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From George Wallace to Newt Gingrich : race in the conservative counterrevolution, 1963-1994

Author: Dan T Carter
Publisher: Baton Rouge : Louisiana State University Press, ©1996.
Series: Walter Lynwood Fleming lectures in southern history.
Edition/Format:   Book : State or province government publication : EnglishView all editions and formats
Database:WorldCat
Summary:
In this trenchant survey of the last three decades, the historian Dan Carter focuses on the evolution of race as an issue in presidential politics. Drawing on his broad knowledge of recent political history, he traces the "counterrevolutionary" response to the civil rights movement since George Wallace's emergence on the national scene in 1963 and detects a gradual confluence of racial and economic conservatism in
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Genre/Form: History
Material Type: Government publication, State or province government publication
Document Type: Book
All Authors / Contributors: Dan T Carter
ISBN: 0807121185 9780807121184
OCLC Number: 34984303
Description: xv, 134 p. ; 24 cm.
Contents: 1. The Politics of Anger --
2. The Politics of Accommodation --
3. The Politics of Symbols --
4. The Politics of Righteousness.
Series Title: Walter Lynwood Fleming lectures in southern history.
Responsibility: Dan T. Carter.

Abstract:

In this trenchant survey of the last three decades, the historian Dan Carter focuses on the evolution of race as an issue in presidential politics. Drawing on his broad knowledge of recent political history, he traces the "counterrevolutionary" response to the civil rights movement since George Wallace's emergence on the national scene in 1963 and detects a gradual confluence of racial and economic conservatism in the coalition that reshaped American politics from the.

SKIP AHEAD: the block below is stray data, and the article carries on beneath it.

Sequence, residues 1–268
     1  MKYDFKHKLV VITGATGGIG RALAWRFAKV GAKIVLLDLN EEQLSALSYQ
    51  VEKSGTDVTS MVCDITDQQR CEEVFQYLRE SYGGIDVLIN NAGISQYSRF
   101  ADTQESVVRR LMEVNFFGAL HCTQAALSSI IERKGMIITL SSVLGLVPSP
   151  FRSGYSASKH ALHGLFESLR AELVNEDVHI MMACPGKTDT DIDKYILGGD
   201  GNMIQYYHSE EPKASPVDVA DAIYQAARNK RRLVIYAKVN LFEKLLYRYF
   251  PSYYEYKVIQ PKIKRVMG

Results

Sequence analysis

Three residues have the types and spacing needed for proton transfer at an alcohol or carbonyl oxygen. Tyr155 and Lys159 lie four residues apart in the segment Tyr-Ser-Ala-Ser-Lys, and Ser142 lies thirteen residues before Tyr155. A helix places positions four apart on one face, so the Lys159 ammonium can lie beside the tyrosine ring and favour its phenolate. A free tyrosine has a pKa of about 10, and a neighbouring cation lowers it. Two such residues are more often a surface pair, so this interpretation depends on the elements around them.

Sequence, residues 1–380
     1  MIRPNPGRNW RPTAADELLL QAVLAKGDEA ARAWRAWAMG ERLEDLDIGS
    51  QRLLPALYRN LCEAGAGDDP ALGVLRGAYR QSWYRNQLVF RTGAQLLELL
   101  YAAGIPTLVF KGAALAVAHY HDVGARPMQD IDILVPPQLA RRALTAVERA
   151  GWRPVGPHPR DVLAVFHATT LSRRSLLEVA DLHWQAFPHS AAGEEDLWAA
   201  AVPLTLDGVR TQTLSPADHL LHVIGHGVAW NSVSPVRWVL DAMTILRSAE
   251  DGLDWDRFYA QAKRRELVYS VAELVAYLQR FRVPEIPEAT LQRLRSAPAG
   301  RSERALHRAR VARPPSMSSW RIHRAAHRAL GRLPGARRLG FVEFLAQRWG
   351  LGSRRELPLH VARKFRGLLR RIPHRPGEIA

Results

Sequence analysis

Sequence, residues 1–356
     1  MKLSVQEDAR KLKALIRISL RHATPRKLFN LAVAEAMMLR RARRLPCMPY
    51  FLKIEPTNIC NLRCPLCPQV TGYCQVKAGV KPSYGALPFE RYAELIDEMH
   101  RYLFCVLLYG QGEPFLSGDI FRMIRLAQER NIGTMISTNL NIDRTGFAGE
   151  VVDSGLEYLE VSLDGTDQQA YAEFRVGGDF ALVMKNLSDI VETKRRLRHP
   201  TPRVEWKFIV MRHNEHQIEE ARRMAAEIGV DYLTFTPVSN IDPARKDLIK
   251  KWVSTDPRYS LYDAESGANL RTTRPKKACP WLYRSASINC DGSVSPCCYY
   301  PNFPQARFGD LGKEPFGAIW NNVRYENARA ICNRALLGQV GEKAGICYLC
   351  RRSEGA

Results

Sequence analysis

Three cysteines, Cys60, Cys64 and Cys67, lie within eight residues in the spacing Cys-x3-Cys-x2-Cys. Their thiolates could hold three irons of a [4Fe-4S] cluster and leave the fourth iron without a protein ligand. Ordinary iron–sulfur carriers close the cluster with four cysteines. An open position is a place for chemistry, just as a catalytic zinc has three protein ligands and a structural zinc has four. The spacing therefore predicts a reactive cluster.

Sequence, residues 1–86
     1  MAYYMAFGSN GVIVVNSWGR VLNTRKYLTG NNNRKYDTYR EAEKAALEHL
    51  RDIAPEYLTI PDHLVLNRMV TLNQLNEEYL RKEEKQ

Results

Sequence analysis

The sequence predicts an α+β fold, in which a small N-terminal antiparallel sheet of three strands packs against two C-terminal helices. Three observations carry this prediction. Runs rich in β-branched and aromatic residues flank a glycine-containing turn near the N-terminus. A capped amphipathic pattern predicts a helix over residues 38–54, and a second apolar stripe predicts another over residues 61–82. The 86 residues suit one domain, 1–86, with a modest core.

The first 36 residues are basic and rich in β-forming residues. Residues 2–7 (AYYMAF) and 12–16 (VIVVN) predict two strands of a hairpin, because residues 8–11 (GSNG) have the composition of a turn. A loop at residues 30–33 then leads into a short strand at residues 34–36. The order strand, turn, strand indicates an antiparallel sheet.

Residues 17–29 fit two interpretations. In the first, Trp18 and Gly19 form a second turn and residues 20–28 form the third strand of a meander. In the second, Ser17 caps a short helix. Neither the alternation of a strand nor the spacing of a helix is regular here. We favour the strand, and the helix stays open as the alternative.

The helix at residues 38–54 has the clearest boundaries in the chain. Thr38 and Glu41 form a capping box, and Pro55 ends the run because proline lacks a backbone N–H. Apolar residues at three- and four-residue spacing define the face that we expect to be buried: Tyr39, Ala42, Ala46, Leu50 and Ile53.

1970s through the mid-1990s. According to Carter, economic and social conservatives have denied any link between what neoconservatives have called the "new majoritarianism" and the politics of race, and Republicans have eschewed acknowledging Wallace as an influence, much less as a model. But the fundamental differences between the coarse public rhetoric of the Alabama governor and the smoother arguments of the new conservatism, Carter maintains, have been more a matter.

Of style than of substance: in Richard Nixon's subtle manipulation of the busing issue, in Ronald Reagan's genial, avuncular attacks on affirmative action, in George Bush's use of the Willie Horton ads, and in Newt Gingrich's demonization of welfare mothers, the Wallace music played on. The new rhetoric may lack Wallace's visceral edge, Carter asserts, but it reflects the same callous political exploitation - now professionally packaged and test-marketed - of the raw.

Wounds of racial division in our country.

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